NI politicians hold marathon special meeting over Union flag protests
NORTHERN Ireland's political leaders have held a marathon special meeting to discuss the loyalist Union flag protests.
After almost eight hours of talks inside Stormont Castle in Belfast, the region's five main parties issued a joint statement.
The collective response condemned the violence that has marred some of the demonstrations but did not go as far as to call for an end to the pickets.
The intensive session was the first time all the party leaders had met since the demonstrations began three weeks ago.
It is understood most of the negotiations between the Democratic Unionists, Sinn Fein, Ulster Unionists, Social Democratic and Labour Party (SDLP) and the Alliance Party centred on efforts to formulate the agreed statement.
The protests were triggered when Belfast City Council voted to reduce the number of days the flag flies at City Hall. Some have descended into serious disorder, with scores of police officers having been injured in rioting. One police woman was subject to a murder attempt in east Belfast.
A number of elected representatives have received death threats and earlier this week a council meeting in Carrickfergus was stormed by a masked loyalist gang.
Yesterday five politicians - two Sinn Fein representatives and three Alliance - were informed that packages containing bullets had been sent to Stormont addressed to them.
In tonight's joint statement, the DUP's Peter Robinson, Sinn Fein's Martin McGuinness, the UUP's Mike Nesbitt, the SDLP's Alasdair McDonnell and Alliance's David Ford welcomed the opportunity to "meet and engage in a discussion" on the situation.
The statement continued: "Party leaders reaffirmed their commitment to the rule of law and the primacy of the political process and deplored violence, attacks on the PSNI (Police Service of Northern Ireland), as well as threats to elected representatives.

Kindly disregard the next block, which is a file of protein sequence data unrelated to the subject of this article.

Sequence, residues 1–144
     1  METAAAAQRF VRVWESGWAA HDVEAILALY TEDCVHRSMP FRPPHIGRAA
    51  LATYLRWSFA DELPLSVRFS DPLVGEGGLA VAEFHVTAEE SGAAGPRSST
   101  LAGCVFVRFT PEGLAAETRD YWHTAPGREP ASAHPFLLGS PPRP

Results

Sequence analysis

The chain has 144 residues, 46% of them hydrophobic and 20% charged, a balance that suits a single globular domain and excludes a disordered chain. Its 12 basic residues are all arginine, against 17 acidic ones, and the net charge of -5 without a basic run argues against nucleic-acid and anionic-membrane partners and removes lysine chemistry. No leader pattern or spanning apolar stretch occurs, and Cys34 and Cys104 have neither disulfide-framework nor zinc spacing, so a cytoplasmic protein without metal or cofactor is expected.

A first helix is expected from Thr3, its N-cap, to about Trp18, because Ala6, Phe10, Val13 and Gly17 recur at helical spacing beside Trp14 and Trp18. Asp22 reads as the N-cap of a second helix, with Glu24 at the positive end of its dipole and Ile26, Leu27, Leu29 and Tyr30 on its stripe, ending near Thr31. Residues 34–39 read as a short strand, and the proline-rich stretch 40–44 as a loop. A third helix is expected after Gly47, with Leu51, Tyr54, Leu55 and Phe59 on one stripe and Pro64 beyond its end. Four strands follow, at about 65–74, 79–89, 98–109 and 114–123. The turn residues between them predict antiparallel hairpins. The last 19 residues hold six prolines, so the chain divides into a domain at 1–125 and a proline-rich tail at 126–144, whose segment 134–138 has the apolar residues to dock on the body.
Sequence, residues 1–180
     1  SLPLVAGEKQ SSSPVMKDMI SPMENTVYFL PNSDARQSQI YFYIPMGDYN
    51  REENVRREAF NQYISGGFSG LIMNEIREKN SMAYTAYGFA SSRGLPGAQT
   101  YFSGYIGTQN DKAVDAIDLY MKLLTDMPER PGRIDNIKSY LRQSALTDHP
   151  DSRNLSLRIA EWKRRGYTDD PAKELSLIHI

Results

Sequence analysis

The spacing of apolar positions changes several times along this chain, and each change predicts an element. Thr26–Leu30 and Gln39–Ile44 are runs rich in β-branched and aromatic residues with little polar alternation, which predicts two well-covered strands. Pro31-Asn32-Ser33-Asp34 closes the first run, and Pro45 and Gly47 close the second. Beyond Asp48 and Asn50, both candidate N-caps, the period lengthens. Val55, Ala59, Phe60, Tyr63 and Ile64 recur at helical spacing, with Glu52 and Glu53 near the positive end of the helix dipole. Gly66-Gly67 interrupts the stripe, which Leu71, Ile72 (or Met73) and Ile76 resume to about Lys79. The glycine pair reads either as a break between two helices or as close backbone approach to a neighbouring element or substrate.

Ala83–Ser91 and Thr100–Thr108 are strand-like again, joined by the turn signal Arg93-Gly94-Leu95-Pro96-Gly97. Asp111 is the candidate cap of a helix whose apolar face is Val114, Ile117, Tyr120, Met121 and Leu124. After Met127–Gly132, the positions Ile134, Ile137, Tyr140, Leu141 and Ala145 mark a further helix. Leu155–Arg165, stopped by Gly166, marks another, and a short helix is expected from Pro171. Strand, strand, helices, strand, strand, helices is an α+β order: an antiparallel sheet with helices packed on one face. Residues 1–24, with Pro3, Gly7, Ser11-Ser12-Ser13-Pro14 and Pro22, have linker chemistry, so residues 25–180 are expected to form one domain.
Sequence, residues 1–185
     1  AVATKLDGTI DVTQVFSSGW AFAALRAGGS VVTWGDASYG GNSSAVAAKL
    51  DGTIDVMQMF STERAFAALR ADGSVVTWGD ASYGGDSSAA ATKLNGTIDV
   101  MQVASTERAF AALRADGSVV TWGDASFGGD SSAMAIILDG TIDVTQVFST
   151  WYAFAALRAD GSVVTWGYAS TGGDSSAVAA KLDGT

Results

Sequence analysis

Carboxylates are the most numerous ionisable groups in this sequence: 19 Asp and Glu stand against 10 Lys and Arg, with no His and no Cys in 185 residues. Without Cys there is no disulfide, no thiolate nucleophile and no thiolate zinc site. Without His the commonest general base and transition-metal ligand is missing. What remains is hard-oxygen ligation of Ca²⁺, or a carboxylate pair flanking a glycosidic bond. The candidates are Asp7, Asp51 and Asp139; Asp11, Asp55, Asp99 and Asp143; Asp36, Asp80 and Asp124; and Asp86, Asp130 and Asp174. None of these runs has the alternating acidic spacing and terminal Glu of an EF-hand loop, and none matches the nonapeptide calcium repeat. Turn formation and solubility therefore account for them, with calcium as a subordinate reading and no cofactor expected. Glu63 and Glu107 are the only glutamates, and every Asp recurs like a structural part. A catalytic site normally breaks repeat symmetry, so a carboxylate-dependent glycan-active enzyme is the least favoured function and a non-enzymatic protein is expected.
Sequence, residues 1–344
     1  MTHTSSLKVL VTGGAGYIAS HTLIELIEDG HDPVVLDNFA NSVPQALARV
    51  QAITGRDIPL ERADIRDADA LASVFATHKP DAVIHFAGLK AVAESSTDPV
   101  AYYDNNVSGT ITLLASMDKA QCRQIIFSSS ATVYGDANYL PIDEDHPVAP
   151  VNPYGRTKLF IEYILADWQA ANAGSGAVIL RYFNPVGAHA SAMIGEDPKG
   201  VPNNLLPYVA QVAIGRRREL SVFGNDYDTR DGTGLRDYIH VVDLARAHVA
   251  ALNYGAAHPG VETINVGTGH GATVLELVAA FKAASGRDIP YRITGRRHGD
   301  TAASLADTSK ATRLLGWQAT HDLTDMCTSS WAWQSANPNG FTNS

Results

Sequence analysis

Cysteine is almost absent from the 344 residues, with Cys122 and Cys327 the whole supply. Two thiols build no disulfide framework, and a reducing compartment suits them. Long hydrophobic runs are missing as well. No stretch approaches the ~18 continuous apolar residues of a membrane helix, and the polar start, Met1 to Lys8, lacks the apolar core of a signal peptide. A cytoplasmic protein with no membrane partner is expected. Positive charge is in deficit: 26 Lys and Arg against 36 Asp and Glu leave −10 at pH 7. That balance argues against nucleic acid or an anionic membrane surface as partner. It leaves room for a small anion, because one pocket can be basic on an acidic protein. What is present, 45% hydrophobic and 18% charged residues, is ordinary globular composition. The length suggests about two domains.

"Recognising the importance of culture and identity within the community, and conscious of the impact on business, political leaders re-emphasised that their task was to find political solutions and to ensure peace and stability for the people of Northern Ireland."
It said talks would reconvene between the leaders in the new year.
Members of the Northern Ireland Policing Board met Chief Constable Matt Baggott today to discuss the flags crisis.
Afterwards board vice chair Gearoid O hEara said: "The chief constable reported to members on the extent of the policing operation over the last three weeks and was questioned on a range of issues including the threats to political representatives, attacks on property, violence directed at police officers and some of the resourcing challenges faced by the PSNI in responding to this situation.
"Events of the last few weeks have had a major impact for policing resources and have also caused major disruption to the lives and livelihoods of people in our community. Board members support calls for an end to the violence and any further attacks on our police officers."
While the DUP and UUP have established a 'Unionist Forum' as an alternative means for loyalists to convey their disquiet, the street demonstrations show no sign of abating.
Organisers are planning more pickets across the region tomorrow - a move that has dismayed traders who claim disruption has already dealt a heavy blow to their pre-Christmas trade.